Monday, 12 May 2014
Rigging Issues with the Spider Mech
On top of the main WoSD, I was also assigned with the task of rigging and texturing Adam's spider mech model. The original concept came from a painting produced by Adam in the R&D phase. With the deadline creeping up, we have accepted the strong likelihood that we will only be able to complete one playable level. The Spider Mech model was created early on, and Adam had the idea of including it as a SOI machine highjacked by the Marauders. This way the SOI lore is still present within the Marauder game level. The stolen Spider Mechs are owned by the 'Nasti Moon' clan, who adopt a yellow colour scheme:
There is a conscious decision whenever a Marauder clan emblem is drawn to do it loosely freehand. It gives this quickly painted on look fitting the Marauder's chaotic character traits. The Marauder Spider Mech includes also a wooden beer cask, fitting with a new narrative where the Marauders have turned the city into a giant make shift brewery. On this barrel you see the Nasti Moon's clan emblem.
The rig itself for the spider mech was fairly straight forward, using single Ik handles with the standard three joint humanlike legs:
I hit trouble when painting out the influence of the legs on the body of the spider mech. I quickly discovered that I needed to physically hide the legs as to not paint out the influence on them when trying to get to the body. I had the leg meshes on a separate hidden layer originally. The major issue however was that Maya kept crashing when painting out the influence. I researched the issue online and made some attempts to put less strain on Maya when painting the mesh. Firstly I went into the preferences and deactivated the undo feature so that Maya was no longer trying to remember 50 stages while using the 'paint skin weights' tool. Secondly, I toggled off the 'construction history' feature:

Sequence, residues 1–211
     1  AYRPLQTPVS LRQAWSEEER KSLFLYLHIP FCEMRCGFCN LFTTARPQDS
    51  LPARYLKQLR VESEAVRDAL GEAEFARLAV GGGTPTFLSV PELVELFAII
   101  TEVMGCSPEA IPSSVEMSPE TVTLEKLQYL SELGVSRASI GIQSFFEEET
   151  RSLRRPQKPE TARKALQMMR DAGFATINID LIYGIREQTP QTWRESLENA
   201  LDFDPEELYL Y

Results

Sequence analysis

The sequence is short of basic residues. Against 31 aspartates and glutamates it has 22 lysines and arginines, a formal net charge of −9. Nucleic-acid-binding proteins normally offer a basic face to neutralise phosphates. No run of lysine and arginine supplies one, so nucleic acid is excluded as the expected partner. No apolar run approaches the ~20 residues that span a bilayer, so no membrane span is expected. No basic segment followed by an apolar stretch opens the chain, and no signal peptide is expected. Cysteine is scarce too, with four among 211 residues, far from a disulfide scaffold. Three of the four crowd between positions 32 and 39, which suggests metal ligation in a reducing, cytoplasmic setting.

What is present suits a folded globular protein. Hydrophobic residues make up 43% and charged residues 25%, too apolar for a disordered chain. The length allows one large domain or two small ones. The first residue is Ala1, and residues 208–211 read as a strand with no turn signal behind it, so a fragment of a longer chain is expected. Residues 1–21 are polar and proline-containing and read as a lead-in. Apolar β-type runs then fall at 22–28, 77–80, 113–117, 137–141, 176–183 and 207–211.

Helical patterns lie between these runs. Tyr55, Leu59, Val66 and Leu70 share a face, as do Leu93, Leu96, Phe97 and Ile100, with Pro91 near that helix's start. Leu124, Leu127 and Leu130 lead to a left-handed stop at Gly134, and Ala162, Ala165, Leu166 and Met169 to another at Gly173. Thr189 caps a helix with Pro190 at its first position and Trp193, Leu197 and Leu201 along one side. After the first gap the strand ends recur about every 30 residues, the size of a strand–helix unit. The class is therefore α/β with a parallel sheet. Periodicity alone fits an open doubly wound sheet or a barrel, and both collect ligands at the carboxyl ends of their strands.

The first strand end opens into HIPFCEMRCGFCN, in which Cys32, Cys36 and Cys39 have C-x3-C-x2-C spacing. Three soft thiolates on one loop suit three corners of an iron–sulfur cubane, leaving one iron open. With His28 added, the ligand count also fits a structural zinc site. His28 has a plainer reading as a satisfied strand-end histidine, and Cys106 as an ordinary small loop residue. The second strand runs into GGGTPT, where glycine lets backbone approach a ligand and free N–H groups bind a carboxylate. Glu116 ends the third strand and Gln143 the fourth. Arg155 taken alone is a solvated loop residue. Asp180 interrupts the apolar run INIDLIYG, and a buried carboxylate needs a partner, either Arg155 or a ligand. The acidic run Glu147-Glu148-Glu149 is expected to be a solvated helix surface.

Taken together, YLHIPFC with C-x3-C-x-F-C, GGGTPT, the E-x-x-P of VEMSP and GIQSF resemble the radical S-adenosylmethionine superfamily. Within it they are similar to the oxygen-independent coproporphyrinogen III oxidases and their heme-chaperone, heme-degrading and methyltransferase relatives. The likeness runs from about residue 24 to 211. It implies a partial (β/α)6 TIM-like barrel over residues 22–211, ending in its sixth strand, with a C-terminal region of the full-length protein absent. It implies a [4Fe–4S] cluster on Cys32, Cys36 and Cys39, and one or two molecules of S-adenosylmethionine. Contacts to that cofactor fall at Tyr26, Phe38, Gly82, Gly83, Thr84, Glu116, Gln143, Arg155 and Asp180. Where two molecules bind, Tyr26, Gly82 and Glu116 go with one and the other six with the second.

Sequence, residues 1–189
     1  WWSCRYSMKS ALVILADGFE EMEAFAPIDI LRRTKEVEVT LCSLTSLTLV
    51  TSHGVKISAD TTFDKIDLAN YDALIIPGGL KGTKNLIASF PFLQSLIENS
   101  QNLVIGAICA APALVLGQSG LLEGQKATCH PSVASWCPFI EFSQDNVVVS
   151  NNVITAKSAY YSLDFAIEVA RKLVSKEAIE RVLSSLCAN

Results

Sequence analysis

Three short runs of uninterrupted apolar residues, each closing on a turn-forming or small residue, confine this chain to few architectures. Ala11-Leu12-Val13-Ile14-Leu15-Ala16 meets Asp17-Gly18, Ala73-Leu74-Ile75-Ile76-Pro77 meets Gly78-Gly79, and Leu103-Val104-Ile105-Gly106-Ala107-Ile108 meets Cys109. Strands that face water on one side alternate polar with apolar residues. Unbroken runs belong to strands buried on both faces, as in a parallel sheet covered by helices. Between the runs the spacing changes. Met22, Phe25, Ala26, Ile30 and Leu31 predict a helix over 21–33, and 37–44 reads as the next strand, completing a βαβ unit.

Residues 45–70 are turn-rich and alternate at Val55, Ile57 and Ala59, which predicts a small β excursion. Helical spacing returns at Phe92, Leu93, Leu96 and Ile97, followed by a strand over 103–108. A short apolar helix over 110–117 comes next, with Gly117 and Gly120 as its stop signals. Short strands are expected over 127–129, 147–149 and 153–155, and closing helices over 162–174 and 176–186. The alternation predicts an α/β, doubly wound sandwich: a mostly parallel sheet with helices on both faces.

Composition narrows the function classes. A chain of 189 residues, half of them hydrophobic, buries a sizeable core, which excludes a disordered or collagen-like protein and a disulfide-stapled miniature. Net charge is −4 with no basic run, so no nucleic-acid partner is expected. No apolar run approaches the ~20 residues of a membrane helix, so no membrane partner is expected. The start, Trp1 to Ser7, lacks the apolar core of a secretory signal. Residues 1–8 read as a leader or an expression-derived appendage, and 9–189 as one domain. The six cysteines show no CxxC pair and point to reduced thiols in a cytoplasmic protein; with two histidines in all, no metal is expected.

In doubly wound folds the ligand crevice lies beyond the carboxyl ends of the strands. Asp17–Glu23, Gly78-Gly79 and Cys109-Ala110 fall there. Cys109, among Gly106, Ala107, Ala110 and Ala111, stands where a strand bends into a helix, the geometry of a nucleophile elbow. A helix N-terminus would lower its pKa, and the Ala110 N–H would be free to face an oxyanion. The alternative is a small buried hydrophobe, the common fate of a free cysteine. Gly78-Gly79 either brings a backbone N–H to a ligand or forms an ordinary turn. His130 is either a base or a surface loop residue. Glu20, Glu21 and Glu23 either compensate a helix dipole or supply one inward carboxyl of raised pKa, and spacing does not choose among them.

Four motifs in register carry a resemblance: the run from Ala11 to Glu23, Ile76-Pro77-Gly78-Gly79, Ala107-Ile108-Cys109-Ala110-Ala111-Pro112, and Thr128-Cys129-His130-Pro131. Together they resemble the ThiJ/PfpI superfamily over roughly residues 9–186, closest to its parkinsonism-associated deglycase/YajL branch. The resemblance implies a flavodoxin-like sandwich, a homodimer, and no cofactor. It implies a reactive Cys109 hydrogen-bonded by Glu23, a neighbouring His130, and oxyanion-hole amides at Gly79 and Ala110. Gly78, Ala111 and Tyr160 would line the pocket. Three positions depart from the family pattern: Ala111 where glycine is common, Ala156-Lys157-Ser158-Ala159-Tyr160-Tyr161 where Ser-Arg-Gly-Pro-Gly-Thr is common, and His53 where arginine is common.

Unfortunately this didn't resolve the issue, and I kept getting error messages. The only solution was to reduce the size of the brush and paint carefully, trying not to influence too many vertices at once, and to save very regularly. On reflection, we are working with very simple low poly models, so the weight painting shouldn't have really caused problems. Speaking with tutor Matt, he explained how others had reported similar struggles when weight painting in the Maya 2014, and that could be accredited to a bug. Unfortunately this glitch made the process much more drawn out than it had to be, causing me to have to boot up Maya and reload the scene repeatedly after a crash.
Matt also noticed an issue with the weight painting of the legs:
Notice how the influence from the knee joint is causing the end of the first leg mesh to bend up. I realised that I needed influence running down the leg mesh from the leg joint, and same with knee mesh and knee joint, as shown below:
The gradient mode also shows blue influence on other legs, and there was also some unwanted influence affecting the front of the body and the wheels. Rhys offered to complete the weightpainting before resuming his role as animator. This is where good practice and naming conventions were important with the rig enabling Rhys to navigate around the model and work efficiently.